Anyway, as for the Orion pulse units as blueprints for backpack nukes (especially as regards their use by "irregular" forces) I don't really see this as a big risk. Those who have the knowledge and technology to use such blueprints to build a compact nuclear weapon most likely (as I see it) already has that capability...

Not quite. Orion pulse units were really quite special devices. Along with being small, they were,a ccording to Ted Taylor (the nuclear weapons designer), they were incredibly efficient. The yields were small, measured in fractions of a kiloton, but given the very small amounts of fisile material, they would be, if put into serial production, relatively dirt cheap. For the price of one 50 kiloton bomb, you could perhaps have one hundred 0.5 kiloton bombs... and this larger number of smaller bombs would be able to devastate a *far* greater surface area. To first order, a bomb with 100 times the yield will damage 20 times the area of a smaller bomb. So if you have 100 little bombs, you'll trash 5 times the area. Plus, you'll be able to do it more efficiently... one big bomb will be blocked by hills and valleys, but if you have little bombs you can more efficiently cover those areas. Also, one .5 kiloton bomb goes off in the center of a major city, that major city, event hough not destroyed, will essentially empty. Look at how Manhattan was evacuated on 9-11. And if you have one hundred little bombs, you could shut down one hundred cities.
 

Skybolt

ACCESS: Top Secret
Senior Member
Joined
Jun 14, 2006
Messages
2,301
Reaction score
128
Mmm, could they be used as buried bunker-busters ? Burrowing warhead (hypercavitating) and then, bam! Little or no fallout. Third best after a pure-fusion very low yield device and a directed nuclear explosion (hollow charge).
 

Orionblamblam

ACCESS: Above Top Secret
Top Contributor
Senior Member
Joined
Apr 5, 2006
Messages
7,915
Reaction score
1,164
Website
www.aerospaceprojectsreview.com
Skybolt said:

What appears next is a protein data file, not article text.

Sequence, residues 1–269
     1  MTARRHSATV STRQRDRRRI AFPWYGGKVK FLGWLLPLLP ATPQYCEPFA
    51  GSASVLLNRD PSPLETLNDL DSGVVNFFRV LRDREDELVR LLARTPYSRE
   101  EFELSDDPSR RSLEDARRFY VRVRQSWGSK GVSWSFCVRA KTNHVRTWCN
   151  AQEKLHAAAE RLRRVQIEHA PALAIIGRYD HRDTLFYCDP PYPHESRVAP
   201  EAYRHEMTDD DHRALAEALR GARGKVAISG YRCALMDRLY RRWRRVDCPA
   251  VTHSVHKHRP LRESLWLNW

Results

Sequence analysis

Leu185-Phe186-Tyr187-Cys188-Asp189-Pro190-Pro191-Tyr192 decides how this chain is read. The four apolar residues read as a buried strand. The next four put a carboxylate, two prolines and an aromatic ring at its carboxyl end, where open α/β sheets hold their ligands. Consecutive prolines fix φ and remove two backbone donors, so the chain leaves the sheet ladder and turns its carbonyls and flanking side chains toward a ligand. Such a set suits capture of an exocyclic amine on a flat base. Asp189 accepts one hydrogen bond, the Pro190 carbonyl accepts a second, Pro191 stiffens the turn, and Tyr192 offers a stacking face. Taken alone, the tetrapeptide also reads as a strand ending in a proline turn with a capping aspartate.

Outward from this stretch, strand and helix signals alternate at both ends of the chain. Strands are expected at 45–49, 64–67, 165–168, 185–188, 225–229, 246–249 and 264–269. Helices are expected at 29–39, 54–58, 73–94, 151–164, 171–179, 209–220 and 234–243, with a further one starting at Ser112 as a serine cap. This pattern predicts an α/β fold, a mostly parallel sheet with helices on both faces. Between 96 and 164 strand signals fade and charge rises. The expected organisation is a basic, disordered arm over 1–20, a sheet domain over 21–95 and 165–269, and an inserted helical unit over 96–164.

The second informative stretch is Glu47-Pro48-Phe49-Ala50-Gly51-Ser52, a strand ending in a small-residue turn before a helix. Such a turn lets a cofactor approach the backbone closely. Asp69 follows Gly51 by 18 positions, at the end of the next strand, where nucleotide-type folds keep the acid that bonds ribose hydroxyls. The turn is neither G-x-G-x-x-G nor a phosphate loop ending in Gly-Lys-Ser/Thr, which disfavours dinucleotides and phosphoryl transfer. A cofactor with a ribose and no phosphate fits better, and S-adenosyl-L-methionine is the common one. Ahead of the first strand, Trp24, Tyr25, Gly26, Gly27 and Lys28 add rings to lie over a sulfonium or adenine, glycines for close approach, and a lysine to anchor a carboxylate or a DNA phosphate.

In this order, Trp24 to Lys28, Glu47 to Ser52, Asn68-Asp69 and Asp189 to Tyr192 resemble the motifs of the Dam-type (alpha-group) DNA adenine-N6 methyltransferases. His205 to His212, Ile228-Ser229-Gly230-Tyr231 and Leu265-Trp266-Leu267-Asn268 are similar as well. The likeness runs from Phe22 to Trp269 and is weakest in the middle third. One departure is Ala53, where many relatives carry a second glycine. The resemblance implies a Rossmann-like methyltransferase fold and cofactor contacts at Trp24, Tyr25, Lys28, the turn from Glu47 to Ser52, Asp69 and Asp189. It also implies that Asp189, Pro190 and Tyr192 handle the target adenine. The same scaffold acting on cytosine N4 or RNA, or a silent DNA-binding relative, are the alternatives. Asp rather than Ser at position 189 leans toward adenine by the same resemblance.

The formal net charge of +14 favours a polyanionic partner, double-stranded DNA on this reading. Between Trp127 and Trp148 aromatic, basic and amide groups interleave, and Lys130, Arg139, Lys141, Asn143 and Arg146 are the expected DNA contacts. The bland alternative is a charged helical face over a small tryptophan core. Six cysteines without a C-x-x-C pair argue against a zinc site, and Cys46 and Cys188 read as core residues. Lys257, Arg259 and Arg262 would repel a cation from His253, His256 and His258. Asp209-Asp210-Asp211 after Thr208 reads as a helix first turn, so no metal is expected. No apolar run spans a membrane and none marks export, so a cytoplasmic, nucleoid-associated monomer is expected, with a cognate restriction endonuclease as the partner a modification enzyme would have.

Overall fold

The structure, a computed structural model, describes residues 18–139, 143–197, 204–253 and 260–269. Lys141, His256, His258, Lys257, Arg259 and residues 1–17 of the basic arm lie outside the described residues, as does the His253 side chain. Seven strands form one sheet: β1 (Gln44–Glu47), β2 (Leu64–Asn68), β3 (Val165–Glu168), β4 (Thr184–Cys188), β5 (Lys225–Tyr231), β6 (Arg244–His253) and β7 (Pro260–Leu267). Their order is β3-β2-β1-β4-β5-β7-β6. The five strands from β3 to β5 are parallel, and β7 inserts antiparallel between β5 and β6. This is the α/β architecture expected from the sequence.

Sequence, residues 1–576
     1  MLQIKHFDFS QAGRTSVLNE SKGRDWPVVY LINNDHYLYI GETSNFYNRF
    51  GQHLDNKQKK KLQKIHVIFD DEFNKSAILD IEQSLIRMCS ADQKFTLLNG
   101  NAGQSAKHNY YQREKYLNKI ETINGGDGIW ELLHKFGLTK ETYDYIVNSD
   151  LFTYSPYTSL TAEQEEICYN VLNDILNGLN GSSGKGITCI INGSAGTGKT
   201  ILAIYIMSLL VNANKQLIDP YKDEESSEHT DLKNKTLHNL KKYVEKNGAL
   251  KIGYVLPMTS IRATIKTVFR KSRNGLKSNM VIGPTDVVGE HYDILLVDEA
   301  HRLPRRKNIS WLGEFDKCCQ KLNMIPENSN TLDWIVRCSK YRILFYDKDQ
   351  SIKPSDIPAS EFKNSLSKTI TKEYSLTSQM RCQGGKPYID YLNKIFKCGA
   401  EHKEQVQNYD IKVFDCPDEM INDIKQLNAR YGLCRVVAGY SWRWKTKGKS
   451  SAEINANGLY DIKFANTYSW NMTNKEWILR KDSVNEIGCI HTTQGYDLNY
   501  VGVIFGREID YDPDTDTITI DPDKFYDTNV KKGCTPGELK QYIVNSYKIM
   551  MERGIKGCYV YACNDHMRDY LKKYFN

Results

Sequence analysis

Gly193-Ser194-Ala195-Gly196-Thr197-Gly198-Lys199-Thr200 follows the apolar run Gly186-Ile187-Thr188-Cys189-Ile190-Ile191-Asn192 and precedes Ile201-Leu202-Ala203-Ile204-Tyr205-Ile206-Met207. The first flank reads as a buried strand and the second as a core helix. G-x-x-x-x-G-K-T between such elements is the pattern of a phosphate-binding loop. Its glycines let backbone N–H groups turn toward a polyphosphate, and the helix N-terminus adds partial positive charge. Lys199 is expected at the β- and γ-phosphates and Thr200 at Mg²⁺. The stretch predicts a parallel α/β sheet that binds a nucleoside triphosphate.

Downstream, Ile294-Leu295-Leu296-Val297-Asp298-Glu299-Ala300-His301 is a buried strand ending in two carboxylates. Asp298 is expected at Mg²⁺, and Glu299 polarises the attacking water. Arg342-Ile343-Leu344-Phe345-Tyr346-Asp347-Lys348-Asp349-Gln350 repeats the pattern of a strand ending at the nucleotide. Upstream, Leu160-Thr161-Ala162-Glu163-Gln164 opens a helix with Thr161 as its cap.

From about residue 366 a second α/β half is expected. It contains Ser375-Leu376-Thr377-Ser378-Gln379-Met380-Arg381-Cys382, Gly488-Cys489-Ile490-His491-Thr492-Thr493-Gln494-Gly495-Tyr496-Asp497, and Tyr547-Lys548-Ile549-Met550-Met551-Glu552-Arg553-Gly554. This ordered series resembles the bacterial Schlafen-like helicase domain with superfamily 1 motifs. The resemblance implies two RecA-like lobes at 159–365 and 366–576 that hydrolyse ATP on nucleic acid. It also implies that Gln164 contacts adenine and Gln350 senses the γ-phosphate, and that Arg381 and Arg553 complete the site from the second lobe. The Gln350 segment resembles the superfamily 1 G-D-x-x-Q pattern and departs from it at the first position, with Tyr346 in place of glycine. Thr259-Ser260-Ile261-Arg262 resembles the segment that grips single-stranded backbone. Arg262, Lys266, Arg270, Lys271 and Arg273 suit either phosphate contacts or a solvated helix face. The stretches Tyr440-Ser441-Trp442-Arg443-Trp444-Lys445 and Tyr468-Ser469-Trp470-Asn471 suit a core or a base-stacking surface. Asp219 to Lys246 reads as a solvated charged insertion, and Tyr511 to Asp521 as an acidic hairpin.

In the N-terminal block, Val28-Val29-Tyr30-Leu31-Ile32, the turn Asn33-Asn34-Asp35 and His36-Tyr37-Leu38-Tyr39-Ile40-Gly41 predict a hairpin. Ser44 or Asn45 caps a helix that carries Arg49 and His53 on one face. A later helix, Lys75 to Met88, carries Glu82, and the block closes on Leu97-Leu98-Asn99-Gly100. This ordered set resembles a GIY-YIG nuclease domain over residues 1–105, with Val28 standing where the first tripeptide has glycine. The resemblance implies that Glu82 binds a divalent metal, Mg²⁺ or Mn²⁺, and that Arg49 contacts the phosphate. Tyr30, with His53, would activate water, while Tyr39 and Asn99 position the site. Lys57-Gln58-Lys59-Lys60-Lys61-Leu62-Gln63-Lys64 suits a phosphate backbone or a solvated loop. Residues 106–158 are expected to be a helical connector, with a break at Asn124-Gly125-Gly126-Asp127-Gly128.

Mmm, could they be used as buried bunker-busters ? Burrowing warhead (hypercavitating) and then, bam! Little or no fallout.

Use two bombs: a Casaba Howitzer to blast a pathway, and a burrowing bomb a split second later.


The problem with penetrator bombs is that penetration depth is *seriously* limited. But if you've got something like Deep Digger, where you actually tunnel/drill/burrow your way down rather than try to punch your way down, you can apparently get some impressive depths. And then a series of sub-kiloton devices, properly placed, would set one one *hell* of a shockwave, capable of crushing pretty much anything, and without a whole lot of gas escape.
 

Lauge

ACCESS: Secret
Joined
Jan 30, 2008
Messages
435
Reaction score
7
Orionblamblam said:
Lauge said:
Yes...that affair with the caricatures is another sad example that the press in general suffers from a deplorable responsibility deficiency.

Indeed! How *dare* the press publish anything that might upset someone? Hasn't the European press learned that "accomodation" and "appeasement" are really the only ways to deal with people who threaten them with irrational ideologies?

Hmm...knowing full well that this is well outside the actual topic of this thread, I'd still like to point out that this wasn't exactly what I meant. So the Danish press published the drawings, fair enough, Freedom of Expression allows them to do that. But when it then turned out that they had PO'ed about a billion people worldwide (most of them very peaceful people, who would not dream of threatening anyone, let alone bomb them), and cost several Danish companies millions in lost exports, then what ? Not once (as far as I know) did the Danish press show any kind of responsibility towards what they had wrought. Did they intend this ? Did they care ? Who knows. All the press seemed to do was hide behind the government, shouting "Freedom of speech, Freedom of the press" over and over like a bunch of demented parrots.